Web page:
mesothelium


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mes·o·the·li·um

 (mĕz′ə-thē′lē-əm, mĕs′-)
n. pl. mes·o·the·li·a (-lē-ə)
The layer of flat cells of mesodermal origin that lines the embryonic body cavity and gives rise to the squamous cells of the peritoneum, pericardium, and pleura.


mes′o·the′li·al adj.

mesothelium

(ˌmɛsəʊˈθiːlɪəm)
n, pl -liums or -lia (-lɪə)
(Anatomy) epithelium derived from embryonic mesoderm lining body cavities
[from New Latin, from meso- + (epi)thelium]
ˌmesoˈthelial adj

mes•o•the•li•um

(ˌmɛz əˈθi li əm, ˌmɛs-, ˌmi zə-, -sə-)

n., pl. -li•a (-li ə)
epithelium of mesodermal origin, which lines the body cavities.
[1885–90; meso- + (epi) thelium]
mes`o•the′li•al, adj.
ThesaurusAntonymsRelated WordsSynonymsLegend:
Noun1.mesothelium - epithelium originating in the embryonic mesodermmesothelium - epithelium originating in the embryonic mesoderm; lines the primordial body cavity
epithelial tissue, epithelium - membranous tissue covering internal organs and other internal surfaces of the body
Translations

mes·o·the·li·um

n. mesotelio, capa celular del mesodermo embrionario que forma el epitelio que cubre las membranas serosas en el adulto.
References in periodicals archive ?
Mesothelioma is a cancerous tumour of the mesothelium, the lining of some of the major organs.
About Mesothelioma Mesothelioma is an aggressive form of cancer that occurs in the mesothelium, the thin layer of tissue that covers the lungs and other organs.
The surface mesothelium of normal serosa is derived from multipotent subserosal cells in the underlying layer of connective tissue.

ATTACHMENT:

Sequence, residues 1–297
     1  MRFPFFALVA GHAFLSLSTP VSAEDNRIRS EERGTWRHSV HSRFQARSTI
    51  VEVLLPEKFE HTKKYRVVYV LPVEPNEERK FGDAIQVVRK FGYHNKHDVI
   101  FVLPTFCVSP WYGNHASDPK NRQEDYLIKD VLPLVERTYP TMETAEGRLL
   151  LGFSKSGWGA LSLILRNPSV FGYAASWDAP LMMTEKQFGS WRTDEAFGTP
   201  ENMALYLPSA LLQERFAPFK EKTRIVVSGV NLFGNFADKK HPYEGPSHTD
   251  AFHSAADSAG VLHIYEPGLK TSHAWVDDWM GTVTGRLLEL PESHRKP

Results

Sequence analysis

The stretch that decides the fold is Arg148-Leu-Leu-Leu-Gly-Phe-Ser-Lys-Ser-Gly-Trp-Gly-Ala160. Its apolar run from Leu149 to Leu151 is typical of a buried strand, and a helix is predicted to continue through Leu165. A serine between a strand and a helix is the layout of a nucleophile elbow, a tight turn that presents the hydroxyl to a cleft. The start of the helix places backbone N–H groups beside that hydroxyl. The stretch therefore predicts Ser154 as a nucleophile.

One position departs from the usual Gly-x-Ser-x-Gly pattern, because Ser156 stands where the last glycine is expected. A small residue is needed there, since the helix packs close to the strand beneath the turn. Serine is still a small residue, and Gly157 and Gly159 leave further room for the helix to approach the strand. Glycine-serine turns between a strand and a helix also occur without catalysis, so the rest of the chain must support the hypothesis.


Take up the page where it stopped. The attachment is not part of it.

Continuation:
The serosa is a serious membrane consisting of a layer of simple squamous epithelium, called the mesothelium, and a small amount of underlying connective tissue.
There was an extensively hyalinised nodule and no tumour in the mesothelium.
The mesothelium is a thin layer of specialized cells lining the interior aspect of the thoracic cavity (parietal pleura), the lung parenchyma (visceral pleura), the peritoneal cavity, and the pericardial cavity.
Endometriotic cells are capable of attaching to the peritoneal mesothelium, break the peritoneal lining, and destroy the extracellular matrix (ECM); thereby, they invade the surrounding tissue (5).
Alternatively, blood-borne or lymph-borne fibers could penetrate to the ovary through the mesothelium.
These lesions may represent replacement of mesothelium by an endometrial epithelium or endometrial polyp formation (9-11).
The cysts termed coelomic pericardial cysts have thin walls and are layered with unilocular and endothelium or mesothelium and contain clear liquid.
Recent literature has examined the reliability of Glut-1 in discriminating between reactive and malignant mesothelium in histological sections.